Mr. Chairman, I should like to make one or two suggestions to the minister and also express one or two thoughts with regard to this bill, which I trust will be helpful to him. I think every hon. member is in favour of the principle of the bill, and I believe it has the support of practically every person in the dominion. The thought in everyone's mind is that it will help a very deserving group of Canadians who are seriously handicapped in their struggle to take a worth while part in the life of the nation. This being the spirit in which the bill is received, I think that now is the time for us to make certain that the administration of the bill and of the Old Age Pensions Act which it amends will not defeat our intentions. We should make sure that the act will be administered in the way in which we intend it to be administered, and in the way in which the people of Canada believe that it will be administered.

This bill provides for pensions for the blind by extending the provisions of the Old Age Pensions Act. When the bill is passed, the Old Age Pensions Act will provide pensions, not only for our elder citizens who have reached the age of seventy years, but also for blind Canadians who have attained the age of forty. Ten years ago when the act was first before the parliament of Canada it received practically unanimous support both from the members of that parliament and from the Canadian people. They had much the same thought in mind as is in our minds to-day, that is, that the legislation would help a deserving group of our people, in that case the needy old who otherwise might be forced to spend their declining years in want and probably in suffering.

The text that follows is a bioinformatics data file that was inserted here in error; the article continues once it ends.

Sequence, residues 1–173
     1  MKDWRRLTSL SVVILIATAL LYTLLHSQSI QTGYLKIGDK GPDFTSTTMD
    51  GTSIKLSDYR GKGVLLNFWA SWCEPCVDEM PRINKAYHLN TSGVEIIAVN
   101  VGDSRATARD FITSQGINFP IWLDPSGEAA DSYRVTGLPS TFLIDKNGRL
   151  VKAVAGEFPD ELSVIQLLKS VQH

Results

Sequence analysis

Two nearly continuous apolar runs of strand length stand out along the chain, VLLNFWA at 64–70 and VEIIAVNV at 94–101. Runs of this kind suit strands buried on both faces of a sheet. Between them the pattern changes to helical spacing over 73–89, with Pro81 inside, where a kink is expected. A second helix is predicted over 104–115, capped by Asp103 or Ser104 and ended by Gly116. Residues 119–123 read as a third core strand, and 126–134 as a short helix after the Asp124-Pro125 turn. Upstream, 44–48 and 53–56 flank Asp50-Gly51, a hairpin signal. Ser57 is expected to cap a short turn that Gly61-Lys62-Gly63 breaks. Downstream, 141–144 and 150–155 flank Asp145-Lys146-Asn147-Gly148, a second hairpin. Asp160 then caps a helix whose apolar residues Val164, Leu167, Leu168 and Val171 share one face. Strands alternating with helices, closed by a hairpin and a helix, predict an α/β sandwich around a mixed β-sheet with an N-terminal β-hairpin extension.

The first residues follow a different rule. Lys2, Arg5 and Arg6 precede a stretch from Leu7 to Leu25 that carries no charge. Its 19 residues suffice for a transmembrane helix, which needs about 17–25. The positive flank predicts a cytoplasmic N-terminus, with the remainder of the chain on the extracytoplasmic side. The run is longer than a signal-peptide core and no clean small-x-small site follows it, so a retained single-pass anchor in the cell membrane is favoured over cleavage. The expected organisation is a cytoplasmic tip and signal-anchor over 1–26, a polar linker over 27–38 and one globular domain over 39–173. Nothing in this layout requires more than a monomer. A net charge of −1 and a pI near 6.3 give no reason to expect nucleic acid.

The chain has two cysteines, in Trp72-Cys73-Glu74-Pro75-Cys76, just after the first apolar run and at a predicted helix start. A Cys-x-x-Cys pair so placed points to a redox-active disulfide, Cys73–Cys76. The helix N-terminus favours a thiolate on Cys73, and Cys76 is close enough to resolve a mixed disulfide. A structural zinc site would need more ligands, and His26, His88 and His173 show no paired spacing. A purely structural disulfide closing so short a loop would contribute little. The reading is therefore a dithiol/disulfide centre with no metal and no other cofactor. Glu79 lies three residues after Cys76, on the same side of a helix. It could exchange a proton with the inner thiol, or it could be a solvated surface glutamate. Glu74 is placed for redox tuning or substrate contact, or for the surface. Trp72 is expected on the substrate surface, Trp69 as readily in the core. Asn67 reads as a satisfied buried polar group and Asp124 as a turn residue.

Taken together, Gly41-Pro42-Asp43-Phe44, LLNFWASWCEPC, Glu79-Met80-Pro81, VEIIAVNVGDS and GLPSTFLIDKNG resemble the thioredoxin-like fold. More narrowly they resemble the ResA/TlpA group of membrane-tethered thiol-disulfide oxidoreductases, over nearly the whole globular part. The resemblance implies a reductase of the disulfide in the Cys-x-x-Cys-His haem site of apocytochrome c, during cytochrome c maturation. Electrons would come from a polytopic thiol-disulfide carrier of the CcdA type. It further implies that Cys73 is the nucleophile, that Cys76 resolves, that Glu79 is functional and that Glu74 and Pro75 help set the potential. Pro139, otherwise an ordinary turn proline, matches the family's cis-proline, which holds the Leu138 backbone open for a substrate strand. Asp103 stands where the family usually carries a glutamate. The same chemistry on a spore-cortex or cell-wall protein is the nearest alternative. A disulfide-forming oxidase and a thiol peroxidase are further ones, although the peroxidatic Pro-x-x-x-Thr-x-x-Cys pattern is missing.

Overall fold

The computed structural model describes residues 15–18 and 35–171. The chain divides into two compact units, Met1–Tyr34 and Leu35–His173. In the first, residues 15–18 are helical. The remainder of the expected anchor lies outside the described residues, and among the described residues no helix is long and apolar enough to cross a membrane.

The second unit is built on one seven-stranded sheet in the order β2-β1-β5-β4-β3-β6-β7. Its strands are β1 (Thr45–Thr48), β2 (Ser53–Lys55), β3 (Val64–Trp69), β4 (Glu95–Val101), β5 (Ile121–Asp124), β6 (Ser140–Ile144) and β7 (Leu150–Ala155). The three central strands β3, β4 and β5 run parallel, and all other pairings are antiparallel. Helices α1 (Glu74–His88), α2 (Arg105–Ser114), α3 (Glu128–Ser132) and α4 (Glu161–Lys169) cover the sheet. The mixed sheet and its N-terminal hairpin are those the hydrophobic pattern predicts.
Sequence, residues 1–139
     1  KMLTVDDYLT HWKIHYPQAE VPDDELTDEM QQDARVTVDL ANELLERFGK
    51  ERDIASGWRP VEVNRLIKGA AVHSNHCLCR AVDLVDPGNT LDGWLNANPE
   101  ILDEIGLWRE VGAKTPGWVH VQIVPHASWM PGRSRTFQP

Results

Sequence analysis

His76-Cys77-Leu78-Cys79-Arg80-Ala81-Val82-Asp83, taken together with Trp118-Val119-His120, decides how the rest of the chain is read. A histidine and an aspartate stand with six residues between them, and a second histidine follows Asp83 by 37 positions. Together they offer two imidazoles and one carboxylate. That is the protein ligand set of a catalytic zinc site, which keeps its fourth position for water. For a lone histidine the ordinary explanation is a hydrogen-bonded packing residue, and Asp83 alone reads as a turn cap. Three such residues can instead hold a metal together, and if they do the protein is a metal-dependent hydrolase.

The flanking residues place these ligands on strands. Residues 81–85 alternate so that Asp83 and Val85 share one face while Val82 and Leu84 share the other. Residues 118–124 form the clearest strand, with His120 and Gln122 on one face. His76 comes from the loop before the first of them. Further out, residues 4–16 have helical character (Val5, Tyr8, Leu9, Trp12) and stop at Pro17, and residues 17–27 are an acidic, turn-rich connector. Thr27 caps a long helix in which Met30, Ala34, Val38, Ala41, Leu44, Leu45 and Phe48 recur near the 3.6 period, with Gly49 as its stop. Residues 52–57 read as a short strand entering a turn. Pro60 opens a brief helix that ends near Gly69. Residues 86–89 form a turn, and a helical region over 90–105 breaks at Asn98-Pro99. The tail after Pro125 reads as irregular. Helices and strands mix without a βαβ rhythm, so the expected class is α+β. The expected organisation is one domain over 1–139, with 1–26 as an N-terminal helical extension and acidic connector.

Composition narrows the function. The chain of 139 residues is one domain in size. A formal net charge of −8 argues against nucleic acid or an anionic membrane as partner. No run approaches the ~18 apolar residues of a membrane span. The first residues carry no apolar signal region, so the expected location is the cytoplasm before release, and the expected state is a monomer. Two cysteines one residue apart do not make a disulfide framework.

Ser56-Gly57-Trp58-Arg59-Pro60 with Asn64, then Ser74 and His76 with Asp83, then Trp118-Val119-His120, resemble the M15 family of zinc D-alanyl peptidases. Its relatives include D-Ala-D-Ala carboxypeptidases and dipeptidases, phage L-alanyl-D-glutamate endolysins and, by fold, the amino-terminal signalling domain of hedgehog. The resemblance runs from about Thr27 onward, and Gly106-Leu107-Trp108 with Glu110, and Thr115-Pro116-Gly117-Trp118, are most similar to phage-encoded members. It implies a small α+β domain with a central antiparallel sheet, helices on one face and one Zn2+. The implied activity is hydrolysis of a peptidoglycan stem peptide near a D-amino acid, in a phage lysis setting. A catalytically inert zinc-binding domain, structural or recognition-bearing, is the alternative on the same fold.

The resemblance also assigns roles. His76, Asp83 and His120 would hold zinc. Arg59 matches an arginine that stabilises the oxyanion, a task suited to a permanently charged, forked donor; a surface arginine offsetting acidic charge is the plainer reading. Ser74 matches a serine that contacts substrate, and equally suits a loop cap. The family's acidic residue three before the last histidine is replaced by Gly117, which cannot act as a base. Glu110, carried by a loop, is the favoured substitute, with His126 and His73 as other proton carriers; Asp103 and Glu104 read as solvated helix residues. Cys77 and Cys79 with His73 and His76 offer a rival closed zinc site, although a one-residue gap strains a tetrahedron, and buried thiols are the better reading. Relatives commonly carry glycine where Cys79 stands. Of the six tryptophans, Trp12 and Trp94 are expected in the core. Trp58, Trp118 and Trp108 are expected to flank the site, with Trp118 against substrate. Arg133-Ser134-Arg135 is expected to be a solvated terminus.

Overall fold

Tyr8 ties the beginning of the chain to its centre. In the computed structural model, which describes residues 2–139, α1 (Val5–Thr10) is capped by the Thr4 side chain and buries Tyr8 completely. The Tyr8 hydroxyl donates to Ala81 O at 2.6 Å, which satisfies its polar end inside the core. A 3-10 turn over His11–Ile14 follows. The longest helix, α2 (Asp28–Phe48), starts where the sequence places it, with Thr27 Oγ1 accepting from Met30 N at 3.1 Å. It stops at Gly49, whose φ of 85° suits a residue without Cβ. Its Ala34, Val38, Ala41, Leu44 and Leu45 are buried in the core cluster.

My submission is that the old age pension was never intended to be a dole or a form of relief. When the act was passed ten years ago we had no such thing as a dole or no such thing as relief. The old age pension was intended to be a pension payable to a worthy

Old Age Pensions

group of our people. I refer the committee to the terms of section 8 of the Old Age Pensions Act, showing the class of people whom it was expected to help. Under clause (a) a person, in order to get this old age pension, must have been-